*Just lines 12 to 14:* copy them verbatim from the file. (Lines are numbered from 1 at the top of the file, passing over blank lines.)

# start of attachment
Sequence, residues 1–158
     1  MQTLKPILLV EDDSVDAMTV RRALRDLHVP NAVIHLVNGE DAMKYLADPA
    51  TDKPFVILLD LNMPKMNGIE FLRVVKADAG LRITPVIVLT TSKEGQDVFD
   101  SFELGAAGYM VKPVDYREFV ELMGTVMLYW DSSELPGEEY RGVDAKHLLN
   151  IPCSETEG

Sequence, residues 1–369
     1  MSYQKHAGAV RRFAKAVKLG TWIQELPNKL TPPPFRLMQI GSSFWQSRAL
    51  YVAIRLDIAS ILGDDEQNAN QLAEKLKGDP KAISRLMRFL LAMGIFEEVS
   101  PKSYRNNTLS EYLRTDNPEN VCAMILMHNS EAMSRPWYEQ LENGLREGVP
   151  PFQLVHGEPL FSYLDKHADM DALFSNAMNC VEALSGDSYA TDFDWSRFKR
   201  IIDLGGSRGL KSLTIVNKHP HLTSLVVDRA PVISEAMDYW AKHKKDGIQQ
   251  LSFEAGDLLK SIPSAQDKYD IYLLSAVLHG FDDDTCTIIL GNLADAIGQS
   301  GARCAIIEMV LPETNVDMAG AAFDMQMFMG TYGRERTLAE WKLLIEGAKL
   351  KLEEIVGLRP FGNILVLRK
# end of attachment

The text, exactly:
   251  LSFEAGDLLK SIPSAQDKYD IYLLSAVLHG FDDDTCTIIL GNLADAIGQS
   301  GARCAIIEMV LPETNVDMAG AAFDMQMFMG TYGRERTLAE WKLLIEGAKL
   351  KLEEIVGLRP FGNILVLRK